FLOWERS AND BERRIES: The flowers are axillary, and clusters of fragrant white flowers bloom simultaneously andpeaberries . Berries ripen in seven to nine months. Cultivation C. arabica takes about seven years to mature fully, and does best with 1.0–1.5 meters (about 40– 59 inches) of rain, evenly distributed throughout the year. It is usually cultivated between 1,300 and 1,500 m altitude, but there are plantations as low as sea level and as high as 2,800 m. The plant can tolerate low temperatures, but not frost, and it does best when the temperature hovers around 20 °C (68 °F). Commercial cultivars mostly only grow to about 5 m, and are frequently trimmed as low as 2 m to facilitate harvesting. Unlike Coffea canephora , C. arabica prefers to be grown in light shade. PRODUCTION: " id="pdf-obj-1-11" src="pdf-obj-1-11.jpg">

Cultivation

C. arabica takes about seven years to mature fully, and does best with 1.0–1.5 meters (about 40– 59 inches) of rain, evenly distributed throughout the year. It is usually cultivated between 1,300 and 1,500 m altitude, but there are plantations as low as sea level and as high as 2,800 m. The plant can tolerate low temperatures, but not frost, and it does best when the temperature hovers around 20 °C (68 °F). Commercial cultivars mostly only grow to about 5 m, and are frequently trimmed as low as 2 m to facilitate harvesting. Unlike Coffea canephora, C. arabica prefers to be grown in light shade.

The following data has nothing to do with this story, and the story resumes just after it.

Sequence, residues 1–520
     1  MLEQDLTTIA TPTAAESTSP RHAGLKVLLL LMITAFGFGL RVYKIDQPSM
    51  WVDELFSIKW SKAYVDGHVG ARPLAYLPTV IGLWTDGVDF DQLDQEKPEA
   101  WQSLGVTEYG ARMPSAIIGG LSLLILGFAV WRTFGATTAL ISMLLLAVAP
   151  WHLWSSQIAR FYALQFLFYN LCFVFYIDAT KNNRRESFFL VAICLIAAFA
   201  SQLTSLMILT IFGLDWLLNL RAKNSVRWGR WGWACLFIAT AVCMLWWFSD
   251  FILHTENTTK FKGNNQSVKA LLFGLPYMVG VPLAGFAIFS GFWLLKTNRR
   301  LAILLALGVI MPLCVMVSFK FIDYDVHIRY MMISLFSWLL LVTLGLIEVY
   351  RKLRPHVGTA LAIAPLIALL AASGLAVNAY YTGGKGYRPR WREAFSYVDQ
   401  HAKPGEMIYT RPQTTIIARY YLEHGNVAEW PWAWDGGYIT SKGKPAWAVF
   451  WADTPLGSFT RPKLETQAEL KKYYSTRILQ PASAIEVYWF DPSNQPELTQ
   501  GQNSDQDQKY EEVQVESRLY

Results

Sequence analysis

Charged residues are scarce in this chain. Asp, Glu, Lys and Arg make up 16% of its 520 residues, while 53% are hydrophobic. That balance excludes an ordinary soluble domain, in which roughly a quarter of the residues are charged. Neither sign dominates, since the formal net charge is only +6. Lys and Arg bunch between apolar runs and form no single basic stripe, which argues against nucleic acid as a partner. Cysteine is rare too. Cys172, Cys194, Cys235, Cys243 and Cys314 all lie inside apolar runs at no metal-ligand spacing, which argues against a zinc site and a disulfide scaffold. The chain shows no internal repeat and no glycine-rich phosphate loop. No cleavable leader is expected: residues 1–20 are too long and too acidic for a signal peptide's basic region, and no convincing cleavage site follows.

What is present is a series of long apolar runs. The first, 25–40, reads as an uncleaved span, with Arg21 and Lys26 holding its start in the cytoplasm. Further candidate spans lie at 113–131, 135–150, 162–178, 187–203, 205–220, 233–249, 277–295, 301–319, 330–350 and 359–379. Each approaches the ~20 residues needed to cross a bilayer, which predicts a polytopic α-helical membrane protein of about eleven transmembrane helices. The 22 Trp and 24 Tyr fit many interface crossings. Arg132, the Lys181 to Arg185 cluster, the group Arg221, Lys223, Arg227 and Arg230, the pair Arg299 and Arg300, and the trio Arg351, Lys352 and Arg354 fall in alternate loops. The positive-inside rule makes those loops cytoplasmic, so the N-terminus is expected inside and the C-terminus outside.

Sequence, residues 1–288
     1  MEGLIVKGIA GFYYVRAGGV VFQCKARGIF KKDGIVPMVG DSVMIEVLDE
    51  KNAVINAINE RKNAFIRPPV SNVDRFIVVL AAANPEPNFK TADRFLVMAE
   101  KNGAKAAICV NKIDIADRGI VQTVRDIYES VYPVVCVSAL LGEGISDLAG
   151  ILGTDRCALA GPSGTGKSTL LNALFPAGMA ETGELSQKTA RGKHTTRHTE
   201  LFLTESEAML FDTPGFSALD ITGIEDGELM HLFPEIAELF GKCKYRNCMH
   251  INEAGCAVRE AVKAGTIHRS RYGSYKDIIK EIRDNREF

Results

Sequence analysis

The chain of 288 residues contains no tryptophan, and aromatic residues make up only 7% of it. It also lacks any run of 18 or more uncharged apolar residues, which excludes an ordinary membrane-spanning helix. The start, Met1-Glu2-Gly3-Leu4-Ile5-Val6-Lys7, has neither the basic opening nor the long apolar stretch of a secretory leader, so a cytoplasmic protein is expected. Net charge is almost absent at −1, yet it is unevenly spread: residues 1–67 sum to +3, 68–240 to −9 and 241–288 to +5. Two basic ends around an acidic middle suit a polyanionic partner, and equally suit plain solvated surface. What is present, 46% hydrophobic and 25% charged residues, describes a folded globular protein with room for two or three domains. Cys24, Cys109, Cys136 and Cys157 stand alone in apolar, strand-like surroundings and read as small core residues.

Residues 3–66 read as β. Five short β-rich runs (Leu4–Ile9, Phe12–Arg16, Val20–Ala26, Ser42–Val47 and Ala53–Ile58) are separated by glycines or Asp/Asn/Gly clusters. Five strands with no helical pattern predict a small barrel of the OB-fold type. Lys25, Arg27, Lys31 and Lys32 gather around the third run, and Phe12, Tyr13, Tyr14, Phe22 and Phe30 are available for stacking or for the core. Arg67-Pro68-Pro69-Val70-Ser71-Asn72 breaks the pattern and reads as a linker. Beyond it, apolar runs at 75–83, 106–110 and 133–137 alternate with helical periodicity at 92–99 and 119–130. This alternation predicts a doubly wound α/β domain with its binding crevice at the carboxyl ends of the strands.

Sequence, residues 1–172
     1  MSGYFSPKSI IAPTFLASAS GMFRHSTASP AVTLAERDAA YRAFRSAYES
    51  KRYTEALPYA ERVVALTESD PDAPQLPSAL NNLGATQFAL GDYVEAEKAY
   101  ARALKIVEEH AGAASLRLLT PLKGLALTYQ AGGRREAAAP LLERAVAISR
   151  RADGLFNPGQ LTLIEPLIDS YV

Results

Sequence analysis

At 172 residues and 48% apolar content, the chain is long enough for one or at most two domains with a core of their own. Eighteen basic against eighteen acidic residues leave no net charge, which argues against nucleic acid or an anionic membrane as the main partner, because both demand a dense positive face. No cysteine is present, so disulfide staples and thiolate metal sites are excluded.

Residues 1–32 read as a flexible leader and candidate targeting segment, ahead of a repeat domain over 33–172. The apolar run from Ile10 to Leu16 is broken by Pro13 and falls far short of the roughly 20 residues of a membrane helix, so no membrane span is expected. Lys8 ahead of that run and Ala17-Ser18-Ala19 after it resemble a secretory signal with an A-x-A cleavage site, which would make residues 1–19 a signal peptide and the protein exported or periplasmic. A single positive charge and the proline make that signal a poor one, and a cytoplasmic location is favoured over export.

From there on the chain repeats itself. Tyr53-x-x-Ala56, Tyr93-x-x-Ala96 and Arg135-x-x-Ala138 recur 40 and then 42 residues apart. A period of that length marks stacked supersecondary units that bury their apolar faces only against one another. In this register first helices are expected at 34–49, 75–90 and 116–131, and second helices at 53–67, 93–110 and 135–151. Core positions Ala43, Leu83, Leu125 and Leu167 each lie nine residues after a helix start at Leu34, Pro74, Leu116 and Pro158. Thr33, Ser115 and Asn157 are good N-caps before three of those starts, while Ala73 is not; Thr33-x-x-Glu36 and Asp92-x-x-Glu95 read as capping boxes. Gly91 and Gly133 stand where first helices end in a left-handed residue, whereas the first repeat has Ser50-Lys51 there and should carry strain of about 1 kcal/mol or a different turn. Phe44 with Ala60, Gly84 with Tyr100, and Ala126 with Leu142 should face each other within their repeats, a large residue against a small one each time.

PRODUCTION:

Processing

Coffee berries and their seeds undergo several processes before they become the familiar roasted coffee. Berries have been traditionally selectively picked by hand; a labor intensive method, it involves the selection of only the berries at the peak of ripeness. More commonly, crops are strip picked, where all berries are harvested simultaneously regardless of ripeness by person or machine. After picking, green coffee is processed by one of two methods—the dry process method, simpler and less labor intensive as the berries can be strip picked, and the wet process method, which incorporates fermentation into the process and yields a mild coffee.

Then they are sorted by ripeness and color and the flesh of the berry is removed, usually by machine, and the seeds—usually called beans—are fermented to remove the slimy layer of mucilage still present on the bean. When the fermentation is finished, the beans are washed with large quantities of fresh water to remove the fermentation residue, which generates massive amounts of coffee wastewater. Finally, the seeds are dried.

Roasting:

The next step in the process is the roasting of the green coffee. Coffee is usually sold in a roasted state, and with rare exceptions all coffee is roasted before it is consumed. It can be sold roasted by the supplier, or it can be home roasted. The roasting process influences the taste of the beverage by changing the coffee bean both physically and chemically. The bean decreases in weight as moisture is lost and increases in volume, causing it to become less dense. The density of the bean also influences the strength of the coffee and requirements for packaging.

Grading the roasted beans

Depending on the color of the roasted beans as perceived by the human eye, they will be labeled as light, medium light, medium, medium dark, dark, or very dark. A more accurate method of discerning the degree of roast involves measuring the reflected light from roasted beans illuminated with a light source in the near infrared spectrum. This elaborate light meter uses a process known as spectroscopy to return a number that consistently indicates the roasted coffee's relative degree of roast or flavor development.

Storage